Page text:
"'Vindication': Bayer Reaches $10 Billion Settlement Over Roundup Cancer Lawsuits: The deal includes $1.25 billion to cover potential future settlements. Agribusiness giant Bayer announced Wednesday that it reached a more than $10 billion deal to settle thousands of lawsuits that claimed exposure to Monsanto's Roundup caused cancer. A statement from Bayer, which acquired Monsanto in 2018—and thus inherited lawsuits targeting the widely used weedkiller—said the settlement affects "75% of the current Roundup litigation involving approximately 125,000 filed and unfiled claims overall."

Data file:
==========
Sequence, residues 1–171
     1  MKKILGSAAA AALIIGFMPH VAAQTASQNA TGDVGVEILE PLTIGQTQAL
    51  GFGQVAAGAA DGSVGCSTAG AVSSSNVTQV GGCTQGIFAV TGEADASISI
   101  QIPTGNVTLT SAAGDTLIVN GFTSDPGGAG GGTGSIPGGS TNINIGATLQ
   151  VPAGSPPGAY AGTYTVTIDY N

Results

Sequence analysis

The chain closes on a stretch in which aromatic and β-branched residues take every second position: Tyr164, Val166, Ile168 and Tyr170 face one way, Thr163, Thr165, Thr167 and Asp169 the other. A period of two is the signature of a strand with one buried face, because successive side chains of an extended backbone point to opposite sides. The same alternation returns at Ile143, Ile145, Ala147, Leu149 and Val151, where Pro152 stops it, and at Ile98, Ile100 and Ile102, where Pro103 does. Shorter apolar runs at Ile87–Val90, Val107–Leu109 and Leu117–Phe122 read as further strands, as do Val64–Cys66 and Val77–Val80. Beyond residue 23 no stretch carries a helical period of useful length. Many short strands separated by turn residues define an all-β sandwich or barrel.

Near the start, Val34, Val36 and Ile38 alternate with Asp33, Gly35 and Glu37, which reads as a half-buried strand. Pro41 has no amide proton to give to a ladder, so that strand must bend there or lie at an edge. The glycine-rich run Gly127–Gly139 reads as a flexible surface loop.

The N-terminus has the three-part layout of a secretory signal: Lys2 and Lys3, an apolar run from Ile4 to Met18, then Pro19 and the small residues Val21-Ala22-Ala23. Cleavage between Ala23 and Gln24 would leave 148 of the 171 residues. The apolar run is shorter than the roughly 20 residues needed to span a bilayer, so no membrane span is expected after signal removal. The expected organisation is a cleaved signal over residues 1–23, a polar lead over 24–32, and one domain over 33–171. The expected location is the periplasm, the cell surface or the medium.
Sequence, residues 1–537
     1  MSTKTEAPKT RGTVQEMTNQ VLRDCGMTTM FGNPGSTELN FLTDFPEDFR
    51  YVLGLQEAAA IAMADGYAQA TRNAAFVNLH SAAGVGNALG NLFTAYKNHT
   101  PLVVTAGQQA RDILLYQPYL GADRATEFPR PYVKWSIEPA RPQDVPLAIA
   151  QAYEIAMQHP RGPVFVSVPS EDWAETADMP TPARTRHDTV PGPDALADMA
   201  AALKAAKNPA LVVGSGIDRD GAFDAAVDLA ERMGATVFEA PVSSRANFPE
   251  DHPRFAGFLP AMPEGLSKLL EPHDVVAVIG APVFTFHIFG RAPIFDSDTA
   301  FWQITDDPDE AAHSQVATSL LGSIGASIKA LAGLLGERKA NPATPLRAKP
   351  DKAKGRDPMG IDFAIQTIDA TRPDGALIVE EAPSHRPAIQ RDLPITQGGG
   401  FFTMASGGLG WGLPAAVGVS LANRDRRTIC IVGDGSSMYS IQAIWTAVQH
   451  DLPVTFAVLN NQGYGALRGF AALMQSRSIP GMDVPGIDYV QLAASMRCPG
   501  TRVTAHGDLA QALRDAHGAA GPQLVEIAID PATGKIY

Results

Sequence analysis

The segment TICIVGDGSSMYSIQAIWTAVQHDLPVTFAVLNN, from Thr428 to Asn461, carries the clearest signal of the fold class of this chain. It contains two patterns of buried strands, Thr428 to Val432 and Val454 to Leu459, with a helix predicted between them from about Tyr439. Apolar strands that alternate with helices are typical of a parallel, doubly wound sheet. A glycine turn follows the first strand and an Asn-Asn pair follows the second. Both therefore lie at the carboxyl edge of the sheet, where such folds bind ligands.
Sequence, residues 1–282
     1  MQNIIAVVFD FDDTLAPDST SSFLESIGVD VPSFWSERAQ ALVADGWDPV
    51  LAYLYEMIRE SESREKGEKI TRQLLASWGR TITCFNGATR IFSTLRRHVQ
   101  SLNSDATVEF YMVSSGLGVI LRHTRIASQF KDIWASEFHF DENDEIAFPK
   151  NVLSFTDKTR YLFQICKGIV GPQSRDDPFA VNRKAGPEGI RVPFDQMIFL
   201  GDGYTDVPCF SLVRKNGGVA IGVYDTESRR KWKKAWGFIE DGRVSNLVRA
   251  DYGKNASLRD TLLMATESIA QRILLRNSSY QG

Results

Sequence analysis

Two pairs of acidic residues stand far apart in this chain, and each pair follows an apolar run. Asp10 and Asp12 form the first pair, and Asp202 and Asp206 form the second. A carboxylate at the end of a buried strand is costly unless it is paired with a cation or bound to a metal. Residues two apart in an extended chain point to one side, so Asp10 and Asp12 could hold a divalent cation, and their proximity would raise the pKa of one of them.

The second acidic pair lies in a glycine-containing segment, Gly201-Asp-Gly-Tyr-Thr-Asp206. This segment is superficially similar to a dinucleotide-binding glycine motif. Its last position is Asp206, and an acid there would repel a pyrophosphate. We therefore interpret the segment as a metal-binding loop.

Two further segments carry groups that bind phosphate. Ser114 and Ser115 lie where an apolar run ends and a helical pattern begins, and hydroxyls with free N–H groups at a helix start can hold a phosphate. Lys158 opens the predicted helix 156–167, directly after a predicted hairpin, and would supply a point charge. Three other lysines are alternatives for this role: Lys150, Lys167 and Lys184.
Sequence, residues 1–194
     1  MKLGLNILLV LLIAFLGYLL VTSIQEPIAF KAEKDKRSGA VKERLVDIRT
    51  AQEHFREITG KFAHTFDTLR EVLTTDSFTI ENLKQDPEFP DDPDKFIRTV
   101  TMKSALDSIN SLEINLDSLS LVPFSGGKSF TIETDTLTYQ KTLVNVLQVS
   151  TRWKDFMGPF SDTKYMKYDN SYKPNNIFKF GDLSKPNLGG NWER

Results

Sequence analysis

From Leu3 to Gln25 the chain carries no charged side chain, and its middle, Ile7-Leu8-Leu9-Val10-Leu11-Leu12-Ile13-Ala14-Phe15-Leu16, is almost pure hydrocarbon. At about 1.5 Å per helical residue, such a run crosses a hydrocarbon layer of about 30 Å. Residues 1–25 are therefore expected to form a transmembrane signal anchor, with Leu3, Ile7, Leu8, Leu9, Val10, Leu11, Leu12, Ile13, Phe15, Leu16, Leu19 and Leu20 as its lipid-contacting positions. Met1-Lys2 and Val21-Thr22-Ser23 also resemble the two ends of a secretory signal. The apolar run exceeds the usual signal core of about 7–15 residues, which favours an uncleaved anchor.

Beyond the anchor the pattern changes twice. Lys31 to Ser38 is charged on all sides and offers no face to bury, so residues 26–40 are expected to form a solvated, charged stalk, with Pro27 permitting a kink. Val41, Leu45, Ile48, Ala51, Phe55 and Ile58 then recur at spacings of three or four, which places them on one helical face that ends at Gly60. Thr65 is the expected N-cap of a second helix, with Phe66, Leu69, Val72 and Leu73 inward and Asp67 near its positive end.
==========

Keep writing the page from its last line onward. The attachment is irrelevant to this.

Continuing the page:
"A Federal Judge Is Really Tired Of GM And Fiat Chrysler's Shit: GM sued Fiat Chrysler in November, accusing it of corrupt contract negotiations, which led to higher labor costs for GM. In light of events since then, a federal judge is extremely tired of the suit already. The judge's order—for GM CEO Mary Barra and FCA CEO Mike Manley to meet in person and alone—is a good reminder that legal disputes are often only about five or ten percent of actual law and in fact more like regular disputes in real life. Lawsuits are cloaked in legal language—95 pages of it, in GM's original civil complaint—but it doesn't follow that resolutions have to be especially complex. That, of course, doesn't stop some civil proceedings from going on for years at a time, seemingly only to the benefit of the lawyers getting paid to argue them. Which is just the kind of proceeding Judge Paul Borman foresees happening in the GM-FCA case. On Tuesday, he ordered Barra and Manley to meet in person before July 1 to resolve things, explicitly tying the case to the coronavirus pandemic and the Black Lives Matter movement."